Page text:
Thursday, June 28, 2018

Welcome to Southern Lazio, Anagni

Full disclosure! I don’t believe in fake writing. If you’ve read my blogs for any amount of time you know I tell it like it is. So, when I was contacted by Vanessa of ItalyIndeed, I was a little leery. A group of people in the hospitality and tourism industry of Southern Lazio (southeast of Rome) are making a joint effort to increase awareness to this beautiful region. As part of this movement they volunteered to provide tours and experiences free or discounted to me. The goal was to reach my large following of travelers.
This occasionally happens to me. I’m always eager to participate, but if I don’t like what I experienced, I don’t write about it or I will say something simple. But this was more of a challenge. This would be an entire community sharing their pride in this region with me. No pressure, right?
It started with Vanessa Ianni, a local girl. Vanessa spent one year of her college studies in England and that was enough to fall in love with her husband. She, therefore speaks flawless English and about five other languages, as this was her major—languages. She recently started up her own tour company, Vanessa contacted me through our mutual friend, Gianluca. I was sent an itinerary and maps to get an idea where we were going.
Vanessa picked us up in an Alfa Romeo because we were a small group, otherwise she uses a van. This was a very intense tour with fifteen destinations in three days. Because so many locals wanted to participate it was much more condensed than I recommend (though there are travelers who like to squeeze it all in).
Off to our first stop in Anagni (ah-non-yee). After our short time in Rome, I was pleasantly surprised with how lush the landscape is. Having been to Tuscany, I can honestly say Southern Lazio is equally beautiful. These foothills are dotted with pretty castle towns like Anagni. The war torn history only adds to the beauty and pride of this region.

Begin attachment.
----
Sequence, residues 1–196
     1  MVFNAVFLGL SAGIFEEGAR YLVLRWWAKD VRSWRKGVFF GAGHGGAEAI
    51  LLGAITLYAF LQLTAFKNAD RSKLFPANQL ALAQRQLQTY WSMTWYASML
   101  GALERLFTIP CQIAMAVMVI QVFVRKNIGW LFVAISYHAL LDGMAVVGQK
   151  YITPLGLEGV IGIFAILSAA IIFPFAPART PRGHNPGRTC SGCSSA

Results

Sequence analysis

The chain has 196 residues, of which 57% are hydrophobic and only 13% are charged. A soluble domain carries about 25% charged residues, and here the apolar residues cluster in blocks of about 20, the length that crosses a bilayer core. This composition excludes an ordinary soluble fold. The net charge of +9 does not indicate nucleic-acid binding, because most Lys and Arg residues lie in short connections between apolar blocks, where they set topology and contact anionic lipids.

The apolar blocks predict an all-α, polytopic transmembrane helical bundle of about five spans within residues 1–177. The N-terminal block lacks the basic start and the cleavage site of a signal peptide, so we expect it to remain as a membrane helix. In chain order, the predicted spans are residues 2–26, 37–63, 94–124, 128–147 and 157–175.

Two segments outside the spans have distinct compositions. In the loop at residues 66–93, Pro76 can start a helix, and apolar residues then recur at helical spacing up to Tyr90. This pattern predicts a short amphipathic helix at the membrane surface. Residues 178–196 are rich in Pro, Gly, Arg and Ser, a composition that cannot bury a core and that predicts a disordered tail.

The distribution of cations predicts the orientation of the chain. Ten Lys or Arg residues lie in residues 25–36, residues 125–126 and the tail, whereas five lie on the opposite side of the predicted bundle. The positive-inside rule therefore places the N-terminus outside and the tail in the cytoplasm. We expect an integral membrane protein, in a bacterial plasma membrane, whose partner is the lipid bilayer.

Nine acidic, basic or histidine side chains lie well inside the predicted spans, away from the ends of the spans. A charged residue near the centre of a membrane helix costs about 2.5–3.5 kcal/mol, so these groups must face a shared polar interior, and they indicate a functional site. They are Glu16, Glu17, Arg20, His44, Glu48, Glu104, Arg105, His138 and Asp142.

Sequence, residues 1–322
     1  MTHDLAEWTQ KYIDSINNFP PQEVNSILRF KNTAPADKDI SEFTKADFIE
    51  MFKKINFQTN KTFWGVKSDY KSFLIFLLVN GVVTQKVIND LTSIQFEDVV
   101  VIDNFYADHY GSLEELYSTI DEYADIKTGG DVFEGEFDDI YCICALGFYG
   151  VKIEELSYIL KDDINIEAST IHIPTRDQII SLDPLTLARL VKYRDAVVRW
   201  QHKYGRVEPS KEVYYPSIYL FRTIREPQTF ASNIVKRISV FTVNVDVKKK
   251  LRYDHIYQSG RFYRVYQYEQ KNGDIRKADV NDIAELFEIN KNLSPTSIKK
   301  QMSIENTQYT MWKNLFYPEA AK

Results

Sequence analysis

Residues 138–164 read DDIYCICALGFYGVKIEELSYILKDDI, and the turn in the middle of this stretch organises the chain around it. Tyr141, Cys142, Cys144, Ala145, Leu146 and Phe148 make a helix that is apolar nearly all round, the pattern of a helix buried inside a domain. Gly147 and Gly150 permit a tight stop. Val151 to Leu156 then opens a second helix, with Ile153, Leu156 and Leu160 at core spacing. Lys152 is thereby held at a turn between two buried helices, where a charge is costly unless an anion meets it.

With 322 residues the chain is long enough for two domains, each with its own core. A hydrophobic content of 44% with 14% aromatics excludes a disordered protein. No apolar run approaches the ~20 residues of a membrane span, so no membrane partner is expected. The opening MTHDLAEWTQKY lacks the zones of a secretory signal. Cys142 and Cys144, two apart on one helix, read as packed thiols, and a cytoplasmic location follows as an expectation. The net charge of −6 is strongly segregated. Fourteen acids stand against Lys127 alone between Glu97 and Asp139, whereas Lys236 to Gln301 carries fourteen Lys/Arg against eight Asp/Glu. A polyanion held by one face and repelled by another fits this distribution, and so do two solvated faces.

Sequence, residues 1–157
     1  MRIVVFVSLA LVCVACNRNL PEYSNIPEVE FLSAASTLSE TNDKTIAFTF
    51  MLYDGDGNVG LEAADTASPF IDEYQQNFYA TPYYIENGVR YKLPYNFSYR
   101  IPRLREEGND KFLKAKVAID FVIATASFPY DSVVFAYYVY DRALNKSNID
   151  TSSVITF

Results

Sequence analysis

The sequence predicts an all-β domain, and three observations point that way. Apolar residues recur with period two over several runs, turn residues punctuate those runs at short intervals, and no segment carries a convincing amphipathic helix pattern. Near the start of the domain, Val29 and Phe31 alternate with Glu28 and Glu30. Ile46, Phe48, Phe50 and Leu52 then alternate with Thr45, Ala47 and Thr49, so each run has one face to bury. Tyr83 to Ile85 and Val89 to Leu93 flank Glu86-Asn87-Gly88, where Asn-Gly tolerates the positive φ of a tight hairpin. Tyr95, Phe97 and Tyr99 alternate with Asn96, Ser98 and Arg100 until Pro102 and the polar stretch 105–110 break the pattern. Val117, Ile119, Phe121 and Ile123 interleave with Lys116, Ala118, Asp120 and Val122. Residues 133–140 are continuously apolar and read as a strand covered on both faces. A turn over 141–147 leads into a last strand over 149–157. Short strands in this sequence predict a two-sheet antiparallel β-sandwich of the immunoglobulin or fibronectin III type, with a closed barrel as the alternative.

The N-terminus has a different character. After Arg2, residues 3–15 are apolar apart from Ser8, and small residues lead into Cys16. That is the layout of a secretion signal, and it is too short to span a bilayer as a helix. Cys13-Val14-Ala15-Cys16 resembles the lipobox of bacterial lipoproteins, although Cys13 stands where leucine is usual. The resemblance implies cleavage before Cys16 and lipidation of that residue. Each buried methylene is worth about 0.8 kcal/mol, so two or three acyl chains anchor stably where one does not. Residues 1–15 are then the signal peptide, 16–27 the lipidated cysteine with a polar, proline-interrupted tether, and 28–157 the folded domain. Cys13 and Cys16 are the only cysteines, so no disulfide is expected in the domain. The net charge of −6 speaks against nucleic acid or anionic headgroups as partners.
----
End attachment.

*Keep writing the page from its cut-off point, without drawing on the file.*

The first inhabitants (the Hernici people) showed up in Anagni about 700 years before Christ (fossils date much further back than that, but these are the original city dwellers of Anagni). They rallied their tribal forces and fought the Roman Empire. They lost. Anagni became the vacation spot for Roman nobleman, than later residences of the popes. Actually this little hill town produced four popes. Beatrice Cretaro met us for a guided tour of the Santa Maria Cathedral of Anagni and the crypt. Standing out front I was struck by the simplicity of the church façade (especially after seeing the interior).
Inside we saw a lot of artifacts, but the most bizarre were two busts of popes. One contained the actual head of the pope and the other had the combo of two heads inside. They’re made of gold, silver and other metals, and studded with precious stones. 
We got to see the wooden sculpture of Christ with a little wooden tongue that could be mechanically drawn in and out of his mouth during processions. It was quite a high-tech hit with locals back then.
Then we went through the church (built over an ancient pagan shrine). The mosaic flooring is stunning here. Down we went to catch a glimpse of the original pagan shrine and then over to the crypt. 
I’ve never seen anything like this. The art work is so well preserved it defies logic. The paint (depicting the Bible, Popes, and scholars) looks almost fresh. Beatrice had to pry us out of there. She ended our tour standing in front of the pope’s residence/palace. We got a rundown on “Anagni’s Slap” during the “Outrage of Anagni.” A French regiment took the town and captured the pope. Sciarra Colonna slapped Pope Boniface VIII while being held captive. This led to the death of the pope (died of chagrin), excommunication of Anagni, and the subsequent decline from bustling little city to a village.

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